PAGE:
I’ve mentioned before that one of the cool things about the study of research is that it’s already out there, in so many forms and in so many fields (not just library and information science!), even if that’s not what the researchers doing this work would necessarily call it. I saw a lot of examples of this at the ACRL 2019 Conference and I wanted to spend some time here taking a closer look at a few of them.
I hope the researchers whose work I plan to talk about for this series don’t mind that I’ll be applying the “study of research” label to what they do, but in each case I’ll try to make it clear why I’m doing that.
So let’s take a closer look at “Spinning a Scholarly Story: Using Faculty Interviews to Develop a Scholarly Communications Agenda for Liaison Librarians” by Teresa Auch Schultz and Ann Medaille.
Understanding the scholarly communication needs of non-library faculty
For their study, Schulz and Medaille used semi-structured interviews with non-library faculty to get a better understanding of how these faculty members view new forms of scholarly communication, including but not limited to open access. The goal was in part to gain an understanding of the scholarly communication needs of these faculty so that the library could both promote the services and resources it already offers and identify other ways to meet those needs. What makes this especially interesting is that the study was conducted in an academic library in which there is no dedicated scholarly communications librarian. So the study is way of showing how liaison librarians who may be working in environments without a scholarly communications librarian can still work to understand and support the scholarly communications needs of subject librarians.
Understanding what non-library faculty don’t know about open access
Schulz and Medaille gained a lot of interesting insight into faculty’s views of issues like open access, of which they showed a general mistrust. Out of all of this, what jumped out at me was what Schulz and Medaille diplomatically refer to as the “limited knowledge of open access” that faculty demonstrated in the course of the interviews. Most couldn’t adequately define it beyond saying that it meant “free to read.”
As someone without subject liaison responsibilities, I don’t have much interaction with faculty but the authors’ finding here really resonated with me. Sitting at a table at a committee meeting with non-library faculty one time, the question of open access came up in the context of a policy that’s being developed for our campus related to open access issues. One faculty member at the table was confused. “Open access?” he said. “Does that mean free internet on campus?” He was not the only one who thought this.
To be fair, many of these faculty members a very smart people who just happen to be doing research and publishing in fields where open access just isn’t really a thing (see below). But I think this experience and the authors’ findings show that a lot of times terms like “open access” are essentially meaningless to non-librarians. That may mean that we just have more education to do or it might mean that we need to find a different way to talk about these issues or both. Either way, we’re not going to get very far with convincing faculty of the importance of this issue if they don’t know what we’re talking about.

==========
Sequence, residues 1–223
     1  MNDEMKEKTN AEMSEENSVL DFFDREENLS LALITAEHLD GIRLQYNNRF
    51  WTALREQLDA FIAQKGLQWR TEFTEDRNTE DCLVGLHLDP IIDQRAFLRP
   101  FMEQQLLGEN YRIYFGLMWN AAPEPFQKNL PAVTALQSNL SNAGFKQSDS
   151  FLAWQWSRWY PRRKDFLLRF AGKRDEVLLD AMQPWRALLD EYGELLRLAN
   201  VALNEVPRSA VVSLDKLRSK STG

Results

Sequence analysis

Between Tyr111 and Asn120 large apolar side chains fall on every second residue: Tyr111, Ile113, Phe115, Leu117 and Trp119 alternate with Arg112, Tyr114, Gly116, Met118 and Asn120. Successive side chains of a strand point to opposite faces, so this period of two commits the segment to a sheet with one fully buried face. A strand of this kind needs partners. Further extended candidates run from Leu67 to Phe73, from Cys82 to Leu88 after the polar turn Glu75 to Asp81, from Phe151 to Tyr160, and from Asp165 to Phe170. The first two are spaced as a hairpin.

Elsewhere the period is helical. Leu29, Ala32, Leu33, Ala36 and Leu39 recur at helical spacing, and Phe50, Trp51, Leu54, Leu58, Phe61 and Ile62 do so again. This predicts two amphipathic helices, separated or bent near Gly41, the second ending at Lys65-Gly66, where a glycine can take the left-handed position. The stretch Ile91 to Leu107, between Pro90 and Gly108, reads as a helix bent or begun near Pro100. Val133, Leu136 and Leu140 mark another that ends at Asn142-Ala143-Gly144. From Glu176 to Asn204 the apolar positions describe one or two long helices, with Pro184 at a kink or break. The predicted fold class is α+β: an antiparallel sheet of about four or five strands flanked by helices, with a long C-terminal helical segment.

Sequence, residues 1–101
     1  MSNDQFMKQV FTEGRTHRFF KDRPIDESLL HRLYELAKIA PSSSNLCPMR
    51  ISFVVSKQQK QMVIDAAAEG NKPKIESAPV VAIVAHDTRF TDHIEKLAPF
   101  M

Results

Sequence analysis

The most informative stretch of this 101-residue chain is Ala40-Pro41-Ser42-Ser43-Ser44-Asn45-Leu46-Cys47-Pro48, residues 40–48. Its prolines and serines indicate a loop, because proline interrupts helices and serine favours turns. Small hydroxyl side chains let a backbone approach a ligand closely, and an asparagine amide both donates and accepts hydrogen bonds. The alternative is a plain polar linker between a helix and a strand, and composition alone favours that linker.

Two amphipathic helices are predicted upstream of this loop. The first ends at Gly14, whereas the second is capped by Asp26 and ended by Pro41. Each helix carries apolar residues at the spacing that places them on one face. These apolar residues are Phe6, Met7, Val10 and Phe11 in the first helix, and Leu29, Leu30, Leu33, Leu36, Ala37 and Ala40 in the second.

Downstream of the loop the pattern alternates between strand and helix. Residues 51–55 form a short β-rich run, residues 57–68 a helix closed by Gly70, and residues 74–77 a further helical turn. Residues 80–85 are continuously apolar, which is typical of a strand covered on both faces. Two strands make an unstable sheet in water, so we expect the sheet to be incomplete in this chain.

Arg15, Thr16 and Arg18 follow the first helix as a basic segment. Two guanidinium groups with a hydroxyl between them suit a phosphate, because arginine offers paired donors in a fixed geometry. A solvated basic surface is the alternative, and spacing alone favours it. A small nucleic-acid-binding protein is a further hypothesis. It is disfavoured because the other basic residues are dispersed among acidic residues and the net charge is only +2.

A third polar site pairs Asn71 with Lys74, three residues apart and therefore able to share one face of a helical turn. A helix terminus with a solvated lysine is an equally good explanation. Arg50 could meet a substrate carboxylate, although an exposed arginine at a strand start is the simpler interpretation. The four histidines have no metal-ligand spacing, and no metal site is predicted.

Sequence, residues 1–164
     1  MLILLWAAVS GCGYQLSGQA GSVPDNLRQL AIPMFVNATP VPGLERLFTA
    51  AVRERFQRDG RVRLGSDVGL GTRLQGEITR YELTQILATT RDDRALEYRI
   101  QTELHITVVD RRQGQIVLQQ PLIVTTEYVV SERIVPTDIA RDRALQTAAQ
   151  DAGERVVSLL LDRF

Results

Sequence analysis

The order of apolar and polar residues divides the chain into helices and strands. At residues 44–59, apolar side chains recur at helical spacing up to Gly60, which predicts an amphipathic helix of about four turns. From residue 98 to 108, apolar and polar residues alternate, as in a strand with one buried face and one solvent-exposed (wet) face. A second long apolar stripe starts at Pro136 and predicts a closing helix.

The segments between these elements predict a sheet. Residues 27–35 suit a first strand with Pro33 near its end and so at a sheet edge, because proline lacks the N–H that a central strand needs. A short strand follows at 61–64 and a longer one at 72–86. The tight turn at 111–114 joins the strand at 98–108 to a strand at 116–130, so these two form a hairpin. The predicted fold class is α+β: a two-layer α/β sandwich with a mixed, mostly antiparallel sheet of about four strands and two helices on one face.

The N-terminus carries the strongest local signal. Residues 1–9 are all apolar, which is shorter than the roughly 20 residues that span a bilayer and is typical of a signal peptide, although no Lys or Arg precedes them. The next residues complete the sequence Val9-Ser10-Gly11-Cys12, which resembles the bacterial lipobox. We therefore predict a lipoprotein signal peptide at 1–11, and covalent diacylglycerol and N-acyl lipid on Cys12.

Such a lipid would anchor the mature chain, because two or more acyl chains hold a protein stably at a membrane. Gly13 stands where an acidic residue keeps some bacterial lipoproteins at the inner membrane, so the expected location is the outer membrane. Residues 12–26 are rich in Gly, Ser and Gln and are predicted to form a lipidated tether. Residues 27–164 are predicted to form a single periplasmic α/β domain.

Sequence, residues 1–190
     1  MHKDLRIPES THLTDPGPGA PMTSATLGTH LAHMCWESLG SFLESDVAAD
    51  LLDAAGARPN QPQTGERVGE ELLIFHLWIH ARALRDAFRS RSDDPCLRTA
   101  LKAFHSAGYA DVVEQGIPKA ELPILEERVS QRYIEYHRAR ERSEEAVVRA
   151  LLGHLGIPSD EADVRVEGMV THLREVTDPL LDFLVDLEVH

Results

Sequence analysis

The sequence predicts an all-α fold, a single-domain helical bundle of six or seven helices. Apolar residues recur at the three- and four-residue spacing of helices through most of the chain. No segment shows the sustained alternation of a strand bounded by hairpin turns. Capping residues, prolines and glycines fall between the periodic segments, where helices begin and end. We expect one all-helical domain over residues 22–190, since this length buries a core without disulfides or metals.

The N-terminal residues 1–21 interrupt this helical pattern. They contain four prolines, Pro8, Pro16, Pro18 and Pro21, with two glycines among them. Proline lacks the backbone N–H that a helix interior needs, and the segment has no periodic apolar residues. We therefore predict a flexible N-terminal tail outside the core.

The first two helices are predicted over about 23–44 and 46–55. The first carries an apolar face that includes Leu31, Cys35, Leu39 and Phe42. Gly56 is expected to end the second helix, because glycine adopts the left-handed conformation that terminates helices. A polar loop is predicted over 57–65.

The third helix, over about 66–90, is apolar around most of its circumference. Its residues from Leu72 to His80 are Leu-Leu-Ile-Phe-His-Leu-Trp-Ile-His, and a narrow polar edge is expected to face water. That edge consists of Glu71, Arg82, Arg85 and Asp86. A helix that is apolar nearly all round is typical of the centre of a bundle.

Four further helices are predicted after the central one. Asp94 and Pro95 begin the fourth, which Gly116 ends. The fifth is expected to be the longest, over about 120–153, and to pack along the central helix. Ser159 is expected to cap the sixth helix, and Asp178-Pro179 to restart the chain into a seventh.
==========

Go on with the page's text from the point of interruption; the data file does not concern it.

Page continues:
How scholarly communication issues relate to the study of research
Schulz and Medaille share that of the 18 faculty members they were able to interview, four were from STEM, six were from arts and humanities, and eight were from social sciences. This breakdown matters because, as the authors imply, different disciplines have different values when it comes to scholarly communication.
Consider what the non-library faculty interviewed for this study had to say about prestige. For tenure and promotion purposes, prestige matters when it comes to scholarly publication, no matter what discipline you’re in. But what Schulz and Medaille show is that prestige means different things to different disciplines and that it’s measured in different ways. Some of the faculty in the study (I’m guessing the STEM and social sciences faculty, though it’s not stated in the paper) had very specific ideas about how to measure prestige which usually involved impact factors and citation counts and other metrics. But other faculty (I’m guessing the arts and humanities faculty, though again this wasn’t stated in the article) used what Schulz and Medaille call “nebulous beliefs” about a journal’s reputation as a way to gauge prestige.
Studying and understanding these differences is important in a larger sense because it can illuminate differences in how the research and publication process is approached by scholarly researchers in different disciplines. In this specific case, understanding these differences can also help librarians better meet the scholarly communication needs of the faculty they work with.
As an appendix to their article, Schulz and Medaille include a copy of the interview guide they used for their study. I always think it’s cool when authors do this so I just wanted to make note. 🙂
At first glance, research on scholarly communication may not seem like a study of research, at least not in the same way a study of information behavior might. But scholarly communication studies like this one show that there are important differences in how scholars in different fields think about the publication process, which is the last step of the research process. Understanding what these differences are helps us to better understand research in scholarly contexts.